Avatar was on the television again this evening and I was reminded of the phenomenon of Avatar Blues
"One can say my depression was twofold: I was depressed because I really wanted to live in Pandora, which seemed like such a perfect place, but I was also depressed and disgusted with the sight of our world, what we have done to Earth. I so much
wanted to escape reality," Hill said.
We’re living through extraordinary times. As I write this people are being held at American airports and sent to any old country.
In the UK the temptation is to say: “That will never happen here.” Yet we have had a British MP murdered by a member of a legal organisation. Within a day of the Brexit vote hate crimes began and within two weeks had increased by 58%. If you’ve spent any amount of time online you’ll be aware of newly emboldened commentary from people sneering, bullying, spilling over with contempt.
So if you have an ounce of sensitivity a film like Avatar can be very painful. We know that indigenous people have been destroyed whenever they come into contact with our civilisation. We know that animals and people do not connect in the way the film shows us, and that we have made the purpose of the natural world to be industrialised for our use. We know that the untamed world has never risen up against an enemy that is destroying it, and who can bear the destruction of the helplessness and innocent?
It is incredibly rare to be born blunted and callous. We have to close large parts of our hearts and minds because to keep them open and vulnerable is too painful. Sometimes, because we are not exposed to pain happening in front of us, we ignore it.
Fascism doesn’t arrive wearing jackboots. Of course, if any group were forced to wear an identifying badge a great many of us would also wear that badge in solidarity. But would you identify as ‘Unemployed’? Or ‘Poor’?
The UK poor have been dying decades before their more prosperous neighbours for centuries. It’s quite normal for adverts at bus stops to tell us to anonymously inform on anyone we think may be defrauding the benefits system even though benefit fraud is such a minute issue that it’s not counted separately from errors in benefit distribution: combined they account for around 1% of the benefits bill. You know that unemployment benefits are 1% of the total benefits bill. And you know that pensions account for 42% of benefits.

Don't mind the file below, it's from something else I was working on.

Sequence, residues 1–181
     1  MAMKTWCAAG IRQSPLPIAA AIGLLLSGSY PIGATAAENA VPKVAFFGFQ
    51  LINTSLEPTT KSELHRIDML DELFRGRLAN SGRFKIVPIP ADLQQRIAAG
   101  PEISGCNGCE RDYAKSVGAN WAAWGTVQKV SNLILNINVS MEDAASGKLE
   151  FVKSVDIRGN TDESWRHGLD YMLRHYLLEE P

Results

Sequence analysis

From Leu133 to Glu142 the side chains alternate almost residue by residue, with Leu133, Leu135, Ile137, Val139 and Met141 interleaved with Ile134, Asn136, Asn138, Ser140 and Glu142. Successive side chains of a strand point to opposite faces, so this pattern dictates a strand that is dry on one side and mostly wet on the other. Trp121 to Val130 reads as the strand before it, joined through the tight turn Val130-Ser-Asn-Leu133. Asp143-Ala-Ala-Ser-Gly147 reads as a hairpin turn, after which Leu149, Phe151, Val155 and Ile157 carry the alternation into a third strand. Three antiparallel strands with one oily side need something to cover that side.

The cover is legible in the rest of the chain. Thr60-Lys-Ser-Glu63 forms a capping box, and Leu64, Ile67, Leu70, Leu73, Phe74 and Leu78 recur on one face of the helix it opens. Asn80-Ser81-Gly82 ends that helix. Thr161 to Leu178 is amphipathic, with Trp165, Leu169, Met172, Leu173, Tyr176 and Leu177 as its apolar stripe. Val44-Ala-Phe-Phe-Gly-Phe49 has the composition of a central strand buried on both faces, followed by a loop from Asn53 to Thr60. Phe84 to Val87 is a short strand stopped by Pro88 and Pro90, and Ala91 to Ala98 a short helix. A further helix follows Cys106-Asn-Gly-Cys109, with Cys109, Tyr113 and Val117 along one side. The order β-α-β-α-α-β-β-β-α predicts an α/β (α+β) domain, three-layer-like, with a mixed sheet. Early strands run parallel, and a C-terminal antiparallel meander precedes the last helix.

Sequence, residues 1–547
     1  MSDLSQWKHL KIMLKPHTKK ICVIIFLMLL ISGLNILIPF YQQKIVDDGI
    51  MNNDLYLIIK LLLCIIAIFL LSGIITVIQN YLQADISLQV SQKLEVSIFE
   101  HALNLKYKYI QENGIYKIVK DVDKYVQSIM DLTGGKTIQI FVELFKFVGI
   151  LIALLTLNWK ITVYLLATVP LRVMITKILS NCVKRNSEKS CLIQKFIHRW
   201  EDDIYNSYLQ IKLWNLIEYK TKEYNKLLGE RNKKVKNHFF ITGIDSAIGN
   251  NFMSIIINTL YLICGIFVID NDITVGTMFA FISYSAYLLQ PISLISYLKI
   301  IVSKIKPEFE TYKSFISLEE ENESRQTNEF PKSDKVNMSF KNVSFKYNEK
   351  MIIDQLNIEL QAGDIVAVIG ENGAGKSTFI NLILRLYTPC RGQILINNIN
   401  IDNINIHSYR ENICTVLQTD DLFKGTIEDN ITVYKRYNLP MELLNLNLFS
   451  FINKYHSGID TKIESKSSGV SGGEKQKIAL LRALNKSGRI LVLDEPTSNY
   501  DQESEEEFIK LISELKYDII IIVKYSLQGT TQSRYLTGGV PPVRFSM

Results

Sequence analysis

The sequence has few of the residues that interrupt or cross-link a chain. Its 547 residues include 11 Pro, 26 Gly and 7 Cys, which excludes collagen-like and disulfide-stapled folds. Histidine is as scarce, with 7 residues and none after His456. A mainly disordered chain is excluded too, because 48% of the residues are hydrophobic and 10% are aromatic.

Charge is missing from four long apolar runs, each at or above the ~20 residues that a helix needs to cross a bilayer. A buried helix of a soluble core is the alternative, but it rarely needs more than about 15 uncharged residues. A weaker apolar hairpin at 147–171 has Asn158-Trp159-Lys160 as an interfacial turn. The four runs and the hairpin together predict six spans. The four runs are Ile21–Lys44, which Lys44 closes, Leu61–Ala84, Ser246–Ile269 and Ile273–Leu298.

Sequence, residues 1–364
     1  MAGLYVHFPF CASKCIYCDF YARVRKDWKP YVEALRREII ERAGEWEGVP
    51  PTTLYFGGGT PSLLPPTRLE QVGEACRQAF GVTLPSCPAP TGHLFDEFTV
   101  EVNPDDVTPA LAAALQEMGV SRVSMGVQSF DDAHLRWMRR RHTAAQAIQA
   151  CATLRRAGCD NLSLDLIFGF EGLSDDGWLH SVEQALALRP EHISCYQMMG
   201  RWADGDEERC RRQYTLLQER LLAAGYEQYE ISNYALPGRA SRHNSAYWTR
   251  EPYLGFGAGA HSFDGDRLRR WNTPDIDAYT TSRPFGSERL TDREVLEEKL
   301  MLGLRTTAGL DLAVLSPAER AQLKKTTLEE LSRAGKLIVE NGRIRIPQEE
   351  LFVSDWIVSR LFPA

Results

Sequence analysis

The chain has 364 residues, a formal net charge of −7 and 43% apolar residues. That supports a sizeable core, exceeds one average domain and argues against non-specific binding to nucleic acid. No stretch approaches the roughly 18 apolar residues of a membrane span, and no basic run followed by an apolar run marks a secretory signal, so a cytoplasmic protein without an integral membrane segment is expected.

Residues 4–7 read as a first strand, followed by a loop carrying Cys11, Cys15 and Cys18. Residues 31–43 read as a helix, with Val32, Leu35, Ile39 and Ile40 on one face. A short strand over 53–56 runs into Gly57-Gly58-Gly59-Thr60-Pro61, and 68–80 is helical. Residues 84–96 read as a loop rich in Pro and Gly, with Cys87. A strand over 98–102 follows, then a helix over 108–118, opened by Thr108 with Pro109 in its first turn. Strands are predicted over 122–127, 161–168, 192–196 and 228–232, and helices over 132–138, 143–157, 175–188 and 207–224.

If we can allow one group to suffer, to be identified as worthy of contempt and vilification, then we can allow it to happen to anyone. In our hearts we know that. There are three ways we can respond to it:
Join in with it.
Resistance is painful and exhausting. Acceptance can feel like a relief but it gnaws away at you because you know it’s wrong. Joining in with it can be wonderful. You’re amongst friends. They support you and you gain entrance to a genuine community with a narrative about the world that makes you feel justified and safe. Very often there is no downside to this, people do not wake up and say “I was wrong,” we go to our graves believing in things that are deeply, demonstrably wrong with no regrets.
For people who are unsure about what the hell is happening and what to do about it, it can feel best to keep it simple, to know the enemy and turn a blind eye. If you know the historical futility of resistance life can become unbearable. Low-grade suicidality is not at all unusual, it’s so common that many people don’t recognise it until it’s identified in their behaviours or in the casualness of their language. Pain becomes normal.
How to remain on an even keel in times like this?
Identify the parts of you, without judgement, that hate. We all have them. The part that says, “The Jews have put the house prices up there,” or “Trump’s mad but he’s got a point about Muslims,” or “If the poor worked harder they wouldn’t be poor.”
Non-judgement is absolutely critical. It’s not about being good or bad, it’s about knowing what’s going on. Treat that part of yourself with respect; listen to what it has to say. Listen. Don’t tell it what to do.
When we’re better able to hear ourselves, in all our aspects, we gain a better understanding of the world. When we’re able to be gentle with our own flaws we can accept them more gracefully in others. And at a time when grace is sorely lacking that’s becoming an urgent interpersonal and political need.
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